Presentation authors: Jan Klimas, Evan Wood, Walter Cullen, Will Small, Seonaid Nolan, Annabel Mead, Mark McLean, Christophe Fairgrieve, Keith Ahamad, Huiru Dong, Breanne Reel, Lauren Gorfinkel, Nadia Fairbairn
Derek Wilson and colleagues from the same university focused on the quality of health education learning environment (HELES study). HELES survey tool looked at relationship, personal development and program culture as the key parts of the learning environment at the faculty of medicine. For example, the evaluation asked whether the learners have developed a strong sense of community.
Presentation title: Evaluating the Quality of Health Professions Learning Environments: Validation of the Health Education Learning Environment Survey (HELES).
Presentation authors: Derek Wilson, Shayna Rusticus, Derek Wilson, Oscar Casiro, Kevin Eva, Lisa Hazlett, Chris Lovato
Calgary explores and experiences
Maureen Topps and collaborators from University of Calgary, Cumming School of Medicine, asked whether in addition to focusing on the deficiencies and gaps in education, whether we could research the successful activities related to professionalism. The postgraduate education is a key stage in training the next generation of competent and professional clinicians. Professionalism is hard to define and to define it may “limit it,” as Dr Barnhoorn writes in the Academic Medicine journal (2006, Vol. 91, No. 9). But how does the place of learning make for more professional doctors? Slowing down and taking time to plan interactions appears to foster professionalism among other factors such as communication training.
Presentation title: Contexts and Experiences of Postgraduate Residents that support successfully meeting professionalism challenges.
Presentation authors: Janet de Groot, Maureen Topps, Aliya Kassam, Maureen Topps
Nicole Delaloye and colleagues from the same university presented results from her Masters research of the MSc/MD program. Clinicians should be both polite and respective, but not overly submissive. Why do we follow orders? Resuscitation requires wise action, not passive deference. What happens when learners hold back too much and how does the place of learning impact submissiveness? Mechanisms that underly submission in the moment of revival include learner’s mental state, what was going on inside and outside the room, team and motivation.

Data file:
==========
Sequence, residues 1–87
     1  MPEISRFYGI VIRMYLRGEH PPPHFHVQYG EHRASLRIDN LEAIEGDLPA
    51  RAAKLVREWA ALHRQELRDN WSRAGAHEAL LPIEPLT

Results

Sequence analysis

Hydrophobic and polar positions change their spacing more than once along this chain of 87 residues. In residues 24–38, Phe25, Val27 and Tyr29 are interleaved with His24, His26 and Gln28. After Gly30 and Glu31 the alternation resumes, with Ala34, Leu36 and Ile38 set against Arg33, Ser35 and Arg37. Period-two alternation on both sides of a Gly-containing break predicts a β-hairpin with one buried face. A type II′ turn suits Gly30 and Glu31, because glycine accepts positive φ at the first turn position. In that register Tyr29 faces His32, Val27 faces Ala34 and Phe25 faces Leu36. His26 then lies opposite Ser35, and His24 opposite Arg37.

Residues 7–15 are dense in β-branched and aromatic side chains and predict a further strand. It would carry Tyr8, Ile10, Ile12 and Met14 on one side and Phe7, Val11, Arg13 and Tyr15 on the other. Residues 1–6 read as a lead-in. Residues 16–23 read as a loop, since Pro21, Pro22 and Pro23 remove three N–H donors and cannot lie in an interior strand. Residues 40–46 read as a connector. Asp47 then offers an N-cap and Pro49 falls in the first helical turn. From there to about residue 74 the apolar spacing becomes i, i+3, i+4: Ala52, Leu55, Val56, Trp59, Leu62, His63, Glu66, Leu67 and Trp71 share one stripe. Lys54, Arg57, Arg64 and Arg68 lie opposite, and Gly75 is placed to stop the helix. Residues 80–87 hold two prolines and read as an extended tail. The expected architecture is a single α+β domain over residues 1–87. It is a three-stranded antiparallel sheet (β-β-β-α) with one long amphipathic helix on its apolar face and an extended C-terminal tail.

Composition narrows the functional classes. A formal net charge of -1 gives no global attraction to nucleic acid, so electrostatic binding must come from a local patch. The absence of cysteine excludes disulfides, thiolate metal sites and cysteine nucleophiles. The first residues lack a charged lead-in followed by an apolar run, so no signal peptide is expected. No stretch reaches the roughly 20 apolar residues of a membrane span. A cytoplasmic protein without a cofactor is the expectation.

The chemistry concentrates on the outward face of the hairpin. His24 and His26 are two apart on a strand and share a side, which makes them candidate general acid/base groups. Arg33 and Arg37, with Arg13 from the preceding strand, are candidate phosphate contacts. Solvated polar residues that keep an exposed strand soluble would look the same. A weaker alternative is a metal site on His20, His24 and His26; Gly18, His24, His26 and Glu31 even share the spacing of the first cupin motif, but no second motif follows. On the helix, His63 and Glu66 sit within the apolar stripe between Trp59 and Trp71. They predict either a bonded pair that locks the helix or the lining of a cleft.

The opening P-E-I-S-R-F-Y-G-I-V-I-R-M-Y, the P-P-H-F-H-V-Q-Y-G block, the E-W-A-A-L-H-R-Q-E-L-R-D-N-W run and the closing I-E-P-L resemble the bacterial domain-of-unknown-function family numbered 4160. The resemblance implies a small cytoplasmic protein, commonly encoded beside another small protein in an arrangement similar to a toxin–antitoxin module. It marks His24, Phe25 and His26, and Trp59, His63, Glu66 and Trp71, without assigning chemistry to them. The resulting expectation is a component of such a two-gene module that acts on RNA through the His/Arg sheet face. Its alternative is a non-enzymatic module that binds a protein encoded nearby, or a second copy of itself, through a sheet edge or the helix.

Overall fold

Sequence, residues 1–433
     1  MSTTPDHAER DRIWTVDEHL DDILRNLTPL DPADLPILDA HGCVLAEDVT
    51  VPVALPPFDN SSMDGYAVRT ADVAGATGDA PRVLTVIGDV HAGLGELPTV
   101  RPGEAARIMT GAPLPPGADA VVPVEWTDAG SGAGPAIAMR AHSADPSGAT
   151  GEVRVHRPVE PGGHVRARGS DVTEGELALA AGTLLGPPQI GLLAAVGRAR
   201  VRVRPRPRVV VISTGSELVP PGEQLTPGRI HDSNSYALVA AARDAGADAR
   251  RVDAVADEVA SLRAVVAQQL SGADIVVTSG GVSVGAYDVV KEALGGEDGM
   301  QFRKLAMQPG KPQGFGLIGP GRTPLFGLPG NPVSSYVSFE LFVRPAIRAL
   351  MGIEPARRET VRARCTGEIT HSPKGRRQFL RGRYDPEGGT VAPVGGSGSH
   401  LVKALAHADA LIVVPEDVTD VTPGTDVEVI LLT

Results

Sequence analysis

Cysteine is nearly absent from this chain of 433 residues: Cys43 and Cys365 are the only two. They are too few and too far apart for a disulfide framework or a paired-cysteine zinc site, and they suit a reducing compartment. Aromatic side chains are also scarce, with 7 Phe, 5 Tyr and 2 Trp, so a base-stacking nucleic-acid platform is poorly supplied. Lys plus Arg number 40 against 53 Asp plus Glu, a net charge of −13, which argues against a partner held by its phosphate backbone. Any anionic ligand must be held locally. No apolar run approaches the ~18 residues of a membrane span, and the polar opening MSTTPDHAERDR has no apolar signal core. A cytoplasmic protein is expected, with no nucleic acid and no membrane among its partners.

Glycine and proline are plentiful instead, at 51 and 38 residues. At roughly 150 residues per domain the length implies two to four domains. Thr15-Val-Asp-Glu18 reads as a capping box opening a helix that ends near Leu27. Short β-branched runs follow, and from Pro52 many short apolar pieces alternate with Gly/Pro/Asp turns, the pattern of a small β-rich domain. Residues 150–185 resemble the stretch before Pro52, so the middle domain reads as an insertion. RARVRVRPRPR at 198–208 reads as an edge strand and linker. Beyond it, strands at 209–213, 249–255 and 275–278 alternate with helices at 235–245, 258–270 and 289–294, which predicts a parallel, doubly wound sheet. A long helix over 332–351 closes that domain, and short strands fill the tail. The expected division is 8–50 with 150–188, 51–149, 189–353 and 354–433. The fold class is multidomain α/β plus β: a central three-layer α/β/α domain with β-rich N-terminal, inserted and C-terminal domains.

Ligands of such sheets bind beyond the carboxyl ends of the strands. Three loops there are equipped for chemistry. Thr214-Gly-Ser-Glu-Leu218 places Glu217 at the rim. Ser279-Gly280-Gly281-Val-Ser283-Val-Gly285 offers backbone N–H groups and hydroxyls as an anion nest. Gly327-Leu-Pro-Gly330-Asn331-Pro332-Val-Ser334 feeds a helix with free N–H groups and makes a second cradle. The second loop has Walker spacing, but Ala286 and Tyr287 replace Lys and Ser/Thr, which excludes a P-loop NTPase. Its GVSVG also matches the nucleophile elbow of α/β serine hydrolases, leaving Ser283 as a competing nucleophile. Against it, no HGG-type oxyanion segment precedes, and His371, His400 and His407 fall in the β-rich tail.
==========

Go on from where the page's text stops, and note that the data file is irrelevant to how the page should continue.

Presentation title: An Exploration of Deference Behaviours Exhibited within the Paediatric Resuscitation Environment and the Educational Implications.
Presentation authors: Nicole Delaloye, Elaine Gilfoyle, Rachel Ellaway, Aliya Kassam, Elizabeth Oddone Paolucci
In summary, the best learning places not only support our learning, but also challenge us to learn knew knowledge, adopt the discipline’s values, overcome deference and become successful professionals in our own right.
The opinions and views in this article present the views of the author and not the named persons or the #CCME18 conference organisers.
This study looked at how many, and what types of people who inject drugs (PWID), in the AIDS Care Cohort to evaluate Exposure to Survival Services Study (ACCESS), would be eligible for medical heroin in Vancouver, Canada.
Medical heroin could possibly help people who have treatment resistant opioid use disorder and who live with HIV/AIDS.
How was the study done?
We looked at how many, and what types of PWID in the ACCESS Study would be eligible for medical heroin. Participants had to meet eligibility criteria from clinical trials of medical heroin.
The ACCESS study involves people living with HIV who use illicit drugs, mostly living in Vancouver’s Downtown Eastside neighbourhood. Researchers work with participants to look at how social, economic, physical, policy, and individual factors impact the health and well-being of HIV-positive illicit drug users. ACCESS participants do an interviewer-administered survey, and a clinic visit with a study nurse, every 6 months. (text taken from: http://www.bccsu.ca/access/)
What did the study find?
478 participants said they injected opioids. 20% met the eligibility criteria for treatment with medical heroin. Those who were homeless, or were involved in the local illicit drug trade, were more likely to be eligible for medical heroin.
20% met the eligibility criteria for treatment with medical heroin and also said they were homeless and dealt drugs.
Why is the medical heroin useful?
Untreated opioid use disorder among people who live with HIV/AIDS can lead to illnesses, overdose, or death. Medical heroin can play an important role in helping people who have treatment resistant opioid use disorders and who live with HIV/AIDS.
Reference: Klimas, J., Dong, H., Fairbairn, N., Socías, E., Barrios, R., Wood, E., Kerr, T., Montaner, J., Milloy, M. (2018) Eligibility for heroin-assisted treatment (HAT) among people who inject opioids and are living with HIV in a Canadian setting. Addiction Science& Clinical Practice. In Press (https://ascpjournal.biomedcentral.com/track/pdf/10.1186/s13722-017-0104-y?site=ascpjournal.biomedcentral.com)